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Report Gives Obama A Potential Out On Missile Shield

A surface-to-surface Sejil missile before being launched at an undisclosed location in Iran in November.
A surface-to-surface Sejil missile before being launched at an undisclosed location in Iran in November.
WASHINGTON -- Iran's latest test of a rocket that it says can reach as far as Europe adds new urgency to the U.S. plan, initiated by former President George W. Bush, to build a missile-defense system in Eastern Europe.

Or does it?

The EastWest Institute (EWI) has issued a report written by a joint team of U.S. and Russian scientists and technical experts that says Iran isn't close to building either a nuclear warhead or a reliable missile to deliver one. That day, the think tank's report calculates, may be as much as a decade away.

"The [U.S. missile-defense] system was designed to only handle one or at most two missiles from Iran," says Phillip Coyle, a former weapons expert in the U.S. Defense Department and one of the scientists who contributed to the EWI report.

"If you want to believe that Iran would attack Europe, and you take the assumption that the Bush administration made that it would only launch one or maybe two missiles, and then sit back and wait for the consequences," Coyle says, laughing. "You know, that's hard to believe."

Coyle says that the U.S. and Russian scientists and experts worked together in part to assess as precisely as they could the nature of the Iranian threat. They concluded that a nuclear threat from Iran to Europe is not only not imminent, but there's no logical reason why such a threat should be perceived in the first place.

"Do you actually believe that Iran would be so suicidal that they would attack Europe with nuclear weapons?" asks Coyle, who is now a senior adviser to the Center for Defense Information, a Washington policy research center. "If Iran were ever to do something like that, it would be absolutely suicidal. It would justify a massive, massive retaliation.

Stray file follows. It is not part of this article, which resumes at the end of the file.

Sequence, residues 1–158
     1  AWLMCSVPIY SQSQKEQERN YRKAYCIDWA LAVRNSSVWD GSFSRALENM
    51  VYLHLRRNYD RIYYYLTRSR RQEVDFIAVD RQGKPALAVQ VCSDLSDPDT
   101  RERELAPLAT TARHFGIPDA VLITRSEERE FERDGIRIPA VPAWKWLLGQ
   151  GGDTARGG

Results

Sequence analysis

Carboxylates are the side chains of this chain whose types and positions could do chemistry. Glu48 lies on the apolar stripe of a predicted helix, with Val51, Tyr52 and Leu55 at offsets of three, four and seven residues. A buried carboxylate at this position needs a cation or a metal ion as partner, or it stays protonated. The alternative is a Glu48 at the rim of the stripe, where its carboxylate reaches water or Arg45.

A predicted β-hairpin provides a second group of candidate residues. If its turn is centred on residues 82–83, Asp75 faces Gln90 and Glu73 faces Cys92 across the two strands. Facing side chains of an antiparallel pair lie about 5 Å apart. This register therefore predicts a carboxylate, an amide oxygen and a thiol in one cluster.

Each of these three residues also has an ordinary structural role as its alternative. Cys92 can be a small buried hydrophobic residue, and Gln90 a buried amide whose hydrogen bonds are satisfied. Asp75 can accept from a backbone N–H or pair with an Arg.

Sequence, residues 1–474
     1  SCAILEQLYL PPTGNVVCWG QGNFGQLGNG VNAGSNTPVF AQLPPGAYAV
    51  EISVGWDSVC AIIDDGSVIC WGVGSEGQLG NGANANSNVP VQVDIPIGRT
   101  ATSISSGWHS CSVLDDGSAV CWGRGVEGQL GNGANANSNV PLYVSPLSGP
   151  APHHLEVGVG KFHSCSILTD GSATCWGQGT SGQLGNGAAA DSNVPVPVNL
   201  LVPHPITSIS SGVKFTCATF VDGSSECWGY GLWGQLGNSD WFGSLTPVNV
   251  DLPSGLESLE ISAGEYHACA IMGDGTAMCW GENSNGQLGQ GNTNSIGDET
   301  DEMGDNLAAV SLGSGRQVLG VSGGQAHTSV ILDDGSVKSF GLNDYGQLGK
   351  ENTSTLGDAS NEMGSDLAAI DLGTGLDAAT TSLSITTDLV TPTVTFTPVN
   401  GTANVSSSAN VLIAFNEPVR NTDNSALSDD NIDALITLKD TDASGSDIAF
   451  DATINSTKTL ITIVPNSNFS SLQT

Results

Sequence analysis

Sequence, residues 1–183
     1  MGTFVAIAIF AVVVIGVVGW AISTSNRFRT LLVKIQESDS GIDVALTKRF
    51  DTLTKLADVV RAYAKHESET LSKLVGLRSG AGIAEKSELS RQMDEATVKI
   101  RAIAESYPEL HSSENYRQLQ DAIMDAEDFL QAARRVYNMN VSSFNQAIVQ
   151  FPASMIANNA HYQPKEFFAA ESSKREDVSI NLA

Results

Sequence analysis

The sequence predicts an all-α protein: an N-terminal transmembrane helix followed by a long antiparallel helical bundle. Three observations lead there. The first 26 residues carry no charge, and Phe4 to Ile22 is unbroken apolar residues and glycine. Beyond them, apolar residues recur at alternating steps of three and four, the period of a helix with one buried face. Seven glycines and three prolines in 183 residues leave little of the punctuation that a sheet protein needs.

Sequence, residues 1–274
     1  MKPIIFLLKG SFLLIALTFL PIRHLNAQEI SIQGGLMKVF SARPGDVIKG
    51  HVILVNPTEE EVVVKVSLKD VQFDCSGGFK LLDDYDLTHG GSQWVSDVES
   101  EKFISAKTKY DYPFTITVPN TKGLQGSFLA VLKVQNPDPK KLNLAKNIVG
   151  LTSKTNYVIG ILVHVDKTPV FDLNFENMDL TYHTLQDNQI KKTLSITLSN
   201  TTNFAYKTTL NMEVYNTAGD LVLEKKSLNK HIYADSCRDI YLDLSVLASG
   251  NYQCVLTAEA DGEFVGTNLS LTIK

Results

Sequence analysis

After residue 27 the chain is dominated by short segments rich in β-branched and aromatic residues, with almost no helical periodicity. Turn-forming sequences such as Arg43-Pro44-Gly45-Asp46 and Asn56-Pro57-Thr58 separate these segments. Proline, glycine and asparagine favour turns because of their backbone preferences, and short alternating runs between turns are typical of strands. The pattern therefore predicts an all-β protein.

"Personally, I don't believe that Iran is that crazy. Iran has done some reckless things, but I don't think they're suicidal."

Allay Russian Suspicions

Meanwhile, Coyle says, Russia has consistently opposed the U.S. defense shield, saying the placement of missiles in Poland and radar in the Czech Republic indicates that its real target is Russia. Moscow says it's not convinced by Washington's argument that it targets only so-called "rogue states" such as Iran.

The EWI report says the best way to allay Russian suspicions is for the United States to scrap the current plans and restart a missile-defense program in collaboration with Russia.

Coyle says locating the radar in Russia, as Vladimir Putin proposed when he was the Russian president, would improve the system for two important reasons.

Under the Obama administration, there have been signals that there is more flexibility with regard to the deployment in Poland and the Czech Republic.
"That would, first of all, solve the objections that Russia is currently making to the system proposed by President Bush," Coyle says. "And if Iran is crazy enough to attack Europe, the first thing you do is you attack the eyes of [the defense] system, the radar. Then what you're imagining is that Iran is not only crazy enough to attack Europe, but they'd also attack Russia.

"I don't think Russia would put up with that. And, again, the retaliation would just be massive."

Steven Pifer, a former U.S. ambassador to Ukraine and an arms-control specialist in the U.S. State Department, says that if the EWI report is correct, then the Obama administration has the flexibility to keep the missile-defense program on hold for now.

Pifer says the Obama administration itself has been providing further flexibility in its statements on the matter.

"Under the Obama administration, there have been signals that there is more flexibility with regard to the deployment in Poland and the Czech Republic," Pifer says. "For example, [U.S. administration officials have] said publicly it has to be an effective system, it has to be cost-effective, it has to be appropriate to the threat. And they've put out some pretty big markers that if we can find a diplomatic way to persuade Iran not to pursue the nuclear program or the missile program, that removes the rationale for missile defense.

"There's a flexible attitude [in Washington] on the missile-defense installation in Central Europe that was not there in the previous administration."

Obama Has Time

Can Obama use the EWI study as part of an argument to convince doubters that rethinking the program isn't a sign of weakness?

"My own impression," Pifer says, "is [that officials in the Obama administration are] going to take a look at the merits on missile defense, and it'll be that policy review that allows the president to make a decision as to go forward or not, and how to discuss this with the Russians.

"But an argument that I was making and, I think, others were making before is: The administration has time. It can have further discussions with the Russians because what that report suggests is that the Iranian threat is right now [not effective until] 2017, 2018, 2019. That gives more time for diplomacy -- not only diplomacy with the Russians, but also diplomacy with Iran."

Where such an approach would leads with Iran is hard to say. But Pifer says he's confident it would go a long way to help repair the strained relations between Washington and Moscow.

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